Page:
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Very hacky solution for Windows guest #2

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arne-claeys opened this issue Mar 23, 2018 · 336 comments
Open

Very hacky solution for Windows guest #2

arne-claeys opened this issue Mar 23, 2018 · 336 comments

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@arne-claeys
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@arne-claeys arne-claeys commented Mar 23, 2018

Dear Mr Coulter

First of all, thanks a lot for your research.
In the meantime I have managed to get GPU passthrough (of my muxless NVIDIA GTX 950M) on a Windows guest working as well.
At the moment the solution is very hacky, but perhaps it could be useful.

To this end I have hard coded the VROM dump in the OVMF image by patching OvmfPkg/AcpiPlatformDxe/QemuFwCfgAcpi.c
fwcfg_patch.txt

The VROM is read from a header file and copied to a RuntimePool to make sure it remains persistent after the OS has loaded.
In the following part of the code a new ACPI table is defined that first defines an OperationRegion that points to the VROM image.
At the end a slightly modified version of your ACPI table, in which I pasted a decompiled version of the ROM call from the SSDT of my laptop, is appended to the rest of the table.
The RVBS variable should be set to the actual length of the VROM dump.

ssdt.asl

As currently I don't have sufficient time to figure out a more elegant solution, the following was done to compile this table.

  • force compiling the table using iasl -f ssdt.asl
    The force option is necessary as the OperationRegion is not included in the ASL, but in the preceding part of the ACPI table that was defined in QemuFwCfgAcpi.c.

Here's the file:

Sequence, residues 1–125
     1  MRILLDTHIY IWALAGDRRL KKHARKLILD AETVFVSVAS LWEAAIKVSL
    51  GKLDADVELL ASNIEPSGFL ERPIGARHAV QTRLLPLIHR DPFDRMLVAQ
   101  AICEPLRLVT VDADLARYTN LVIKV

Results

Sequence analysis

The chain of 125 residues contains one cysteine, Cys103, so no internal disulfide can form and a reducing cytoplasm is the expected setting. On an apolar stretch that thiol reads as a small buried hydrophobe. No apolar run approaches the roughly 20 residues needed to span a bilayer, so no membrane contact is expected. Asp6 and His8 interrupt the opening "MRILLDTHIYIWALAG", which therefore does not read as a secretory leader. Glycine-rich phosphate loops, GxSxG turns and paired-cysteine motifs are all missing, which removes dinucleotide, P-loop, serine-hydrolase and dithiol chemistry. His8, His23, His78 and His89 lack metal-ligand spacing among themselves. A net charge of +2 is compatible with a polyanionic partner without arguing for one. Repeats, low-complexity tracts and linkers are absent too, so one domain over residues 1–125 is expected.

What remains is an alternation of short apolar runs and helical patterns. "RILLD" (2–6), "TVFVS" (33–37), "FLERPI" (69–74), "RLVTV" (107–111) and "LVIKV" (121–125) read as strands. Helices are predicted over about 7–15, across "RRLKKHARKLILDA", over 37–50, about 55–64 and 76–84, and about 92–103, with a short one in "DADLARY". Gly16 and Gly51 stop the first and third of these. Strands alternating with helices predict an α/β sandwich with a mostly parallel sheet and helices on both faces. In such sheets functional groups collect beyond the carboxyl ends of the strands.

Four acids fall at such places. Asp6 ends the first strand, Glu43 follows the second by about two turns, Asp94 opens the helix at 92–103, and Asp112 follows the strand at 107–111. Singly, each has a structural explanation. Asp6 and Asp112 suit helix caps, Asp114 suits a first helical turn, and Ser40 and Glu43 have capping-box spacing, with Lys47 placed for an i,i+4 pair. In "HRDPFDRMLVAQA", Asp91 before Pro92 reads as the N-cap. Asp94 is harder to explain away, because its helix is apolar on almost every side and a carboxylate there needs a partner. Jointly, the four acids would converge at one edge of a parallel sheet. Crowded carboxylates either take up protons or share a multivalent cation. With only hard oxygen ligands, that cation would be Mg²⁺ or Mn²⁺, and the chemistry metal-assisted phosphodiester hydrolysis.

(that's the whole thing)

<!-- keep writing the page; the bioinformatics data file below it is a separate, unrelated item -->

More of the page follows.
• using the following script to drop the header of the table and create a hex dump in vrom_table.h
    buildtable.txt

In my case this made the Error 43 finally disappear.
I hope this could be of any help.

Kind regards
Arne

@jscinoz
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@jscinoz jscinoz commented Mar 24, 2018

Hi Arne,

Thank you for this! I didn't realise anyone else was still looking into this. I've not had too much time to do so myself lately sadly. I'm glad to hear this got it working for you.

To try and figure out what's going on here, could you please let me know the following about your setup?

  • Were you also assigning a GVT card to the guest as primary VGA, or was the 950M the primary card?
  • Your qemu command line / libvirt XML

Also, can you confirm that loading the same VROM via the original ASL in this repository (without your OVMF patch) did not work on your hardware? I may well be missing something as this whole area is quite new to me, but I'd have expected them to have the same result, as the interface to the Nvidia driver itself (the _ROM method) remains the same in either case.

Cheers,
Jack

@arne-claeys
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@arne-claeys arne-claeys commented Mar 24, 2018

Hi Jack
Attached you can find the libvirt XML that was used.
win10-pci.txt

A Virtio GPU was assigned as the primary graphics adapter for my guest.
The NVIDIA card was assigned as the guest's secondary graphics adapter.
As in the Misairu tutorial, the guest was first configured using a Spice client and afterwards accessed using RemoteFX.

I can confirm Error 43 still occurred when I tried using the original ASL table and passed the VROM as a PCI ROMBAR.
However it has been a while since I tried this out.
As I start doubting whether I have changed the filename in this critical line of the ACPI table, I can't exclude it would have worked in an easier way.
Local1 = FWGS(Local0, "genroms/10de:139b:4136:1764")
I will check this later on.

As you wrote in this post that Windows clears the ROMBAR image once booted, I quickly switched to the RuntimePool approach.

Kind regards
Arne

@jscinoz
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@jscinoz jscinoz commented Mar 25, 2018